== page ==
Review by Felix on May 10, 2019.
Ambient, epic or atmospheric - call it the way you want, this kind of black metal is usually not my domain. This makes Summoning almost unique in my personal metal cosmos. So, what, I just ignore the synthetic drumming and the fact this kind of music has nearly nothing in common with my understanding of metal. Okay, the vocals are not compatible with any kind of mainstream trivialities and the song patterns avoid the radio-friendly 3:30 minutes format. But many styles offer pretty long pieces of music and therefore only the vocals connect Summoning with the metallic scene - if we neglect a certain spirituality, a mindset which builds the foundation for their art. The passion of the Austrian duo shines through their compositions and as a result, the highlights reveal a fascinating depth.
"The Glory Disappears" is one of these songs where dedication goes hand in hand with encompassing melody lines. The aggressive vocals and the leisurely flowing melodies create an enormous density. No doubt, the glory does not disappear here, quite the opposite. Summoning's art shines in full glory. "Where Hope and Daylight Die" also stands out, but I am not quite sure in which way. The melody is majestic, but the female guest vocals are much too solemn. They cut the only connection to real metal from my point of view. Thus, it feels good that this appearance remains an isolated case. The next track, "The Rotting Horse on the Deadly Ground", illustrates that the combination of mighty melody lines and rasping male vocals works much better. Generally speaking, Summoning avoid experiments and maybe that's the reason why only "The Loud Music of the Sky" falls through the net due to its ironically very silent parts.
There can be no doubt that Stronghold is a typical Summoning output. A wonderful artwork ornaments endless harmony that stimulate the listener's fantasy. Despite the pretty synthetic style, medieval scenarios appear before my inner eye. Summoning's music is able to trigger emotions and that's the main thing whenever it comes to music. I would not say that every track can be deemed as brilliant, but the songs build a monolithic unit. Minor details leave room for improvement, for example they don't make good use of their "timpani" which remains expressionless. But please keep in mind that this is not my favourite style and maybe I just do not fully understand how these songs must be designed. I wish that some of them would have a more powerful approach, but that's probably contrary to this form of "metal". However, that may be, the album is well produced. It’s warm yet foggy sound develops the necessary density and depth. So, all in all, I really like to listen to Stronghold every now and then, even though its style lacks harshness and aggression. But that's just not what this music is about.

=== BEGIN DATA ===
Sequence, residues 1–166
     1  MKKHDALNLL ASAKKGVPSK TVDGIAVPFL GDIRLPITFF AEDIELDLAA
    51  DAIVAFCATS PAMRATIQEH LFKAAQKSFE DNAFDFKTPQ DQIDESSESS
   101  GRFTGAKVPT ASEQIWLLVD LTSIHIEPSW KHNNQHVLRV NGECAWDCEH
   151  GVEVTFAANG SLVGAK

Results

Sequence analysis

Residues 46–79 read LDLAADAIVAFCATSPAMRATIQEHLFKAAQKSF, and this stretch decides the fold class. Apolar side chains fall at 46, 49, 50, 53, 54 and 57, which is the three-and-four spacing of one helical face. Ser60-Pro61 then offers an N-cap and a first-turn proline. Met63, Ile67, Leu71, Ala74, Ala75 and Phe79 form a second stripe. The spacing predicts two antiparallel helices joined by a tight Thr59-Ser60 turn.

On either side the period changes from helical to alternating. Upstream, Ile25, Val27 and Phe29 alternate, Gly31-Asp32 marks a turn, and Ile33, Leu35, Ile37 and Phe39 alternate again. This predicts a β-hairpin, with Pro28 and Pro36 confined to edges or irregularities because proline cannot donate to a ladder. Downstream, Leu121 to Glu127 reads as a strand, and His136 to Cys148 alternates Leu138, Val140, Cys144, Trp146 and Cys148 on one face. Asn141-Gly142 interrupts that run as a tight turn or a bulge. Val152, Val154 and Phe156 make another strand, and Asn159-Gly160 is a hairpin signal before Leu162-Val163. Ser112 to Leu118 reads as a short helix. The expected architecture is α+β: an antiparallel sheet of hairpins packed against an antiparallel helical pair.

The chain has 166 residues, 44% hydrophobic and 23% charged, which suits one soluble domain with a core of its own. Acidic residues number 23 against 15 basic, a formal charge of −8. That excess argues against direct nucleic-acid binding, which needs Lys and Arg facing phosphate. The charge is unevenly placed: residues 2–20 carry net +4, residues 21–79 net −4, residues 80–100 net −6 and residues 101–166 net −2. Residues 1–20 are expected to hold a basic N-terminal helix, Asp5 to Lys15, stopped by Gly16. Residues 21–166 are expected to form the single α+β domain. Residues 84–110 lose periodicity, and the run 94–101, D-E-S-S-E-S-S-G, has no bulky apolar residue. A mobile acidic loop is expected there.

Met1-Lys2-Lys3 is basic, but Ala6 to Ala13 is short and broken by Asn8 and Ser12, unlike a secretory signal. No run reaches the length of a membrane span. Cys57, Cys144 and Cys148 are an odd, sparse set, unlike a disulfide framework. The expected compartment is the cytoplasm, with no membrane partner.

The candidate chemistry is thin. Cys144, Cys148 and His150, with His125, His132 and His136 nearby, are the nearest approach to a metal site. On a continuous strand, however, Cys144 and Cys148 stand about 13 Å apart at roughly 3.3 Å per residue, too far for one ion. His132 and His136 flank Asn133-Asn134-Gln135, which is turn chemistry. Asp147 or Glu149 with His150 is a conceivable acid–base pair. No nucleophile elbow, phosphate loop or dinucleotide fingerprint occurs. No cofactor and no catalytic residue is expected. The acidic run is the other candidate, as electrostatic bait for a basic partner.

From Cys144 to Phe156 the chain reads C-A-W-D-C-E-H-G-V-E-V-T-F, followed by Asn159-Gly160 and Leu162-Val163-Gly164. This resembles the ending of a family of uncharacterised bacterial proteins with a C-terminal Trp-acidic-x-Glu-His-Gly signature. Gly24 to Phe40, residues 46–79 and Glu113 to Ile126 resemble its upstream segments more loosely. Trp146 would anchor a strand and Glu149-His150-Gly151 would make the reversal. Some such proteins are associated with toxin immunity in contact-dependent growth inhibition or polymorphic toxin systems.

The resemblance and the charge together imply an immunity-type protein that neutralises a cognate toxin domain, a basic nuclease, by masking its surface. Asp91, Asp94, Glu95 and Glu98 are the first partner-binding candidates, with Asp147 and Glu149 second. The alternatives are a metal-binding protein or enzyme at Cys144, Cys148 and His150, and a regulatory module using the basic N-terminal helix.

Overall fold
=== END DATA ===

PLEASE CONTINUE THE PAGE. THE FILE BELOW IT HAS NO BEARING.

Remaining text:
Rating: 7.2 out of 1060
Review by Jack on October 25, 2001.
Synthesizers have rarely been used to this great an effect as they have been utilised on “Stronghold”, fortunately that they have been used proficiently otherwise the Summoning project would break down in its entirety. “Stronghold” is a completely synthesizer driven album as with all other Summoning albums.
Summoning is a culmination from the minds of Projector (Die Verbannten Kinder Eva's) and Silenius (Abigor) who look to be a particularly grim duo (see the album booklet), but can certainly compose some truly extraordinary music. Summoning’s work as far as I gather is based upon the works of one J.R.R Tolkien. Tolkien immediately conjures up thoughts of dwarves, goblins and other slightly built critters frolicking in the world of Middle Earth. And the neat thing is Summoning are close to being the perfect band to transport you there to dance with the little dwarves and goblins.
Song lengths typically range from around 6:30 to about 10:00 in time (barring ‘Rhun’, which clocks in at 3:25)... so expect a nice momentous thoroughfare in the tracks on “Stronghold”. The music as I stated before is a lovely blend of synthesizers, gargled black vocals and more synthesizers. I think the strongest aspect of this album is the ability to hold its listener for each subsequent track, there is no weak track on “Stronghold”.
The weakest part of “Stronghold” is the ridiculous titles given to tracks on it. ‘Like Some Snow-White Marble Eyes’ and ’The Rotting Horse on the Deadly Ground’ are indicative examples of these silliness in the usage of the English language and the horrors it is sometimes subjected to, especially by black metal bands.
All things considered though “Stronghold” is a worthy addition to any metal fan’s collection.
Bottom Line: Synthesizer driven black/dark metal that applies itself to Tolkien’s fanatsy world; Middle Earth. Interesting and mammoth, “Stronghold” is tribulation to listen to at first but becomes easier after time to settle in with.
Rating: 7.5 out of 10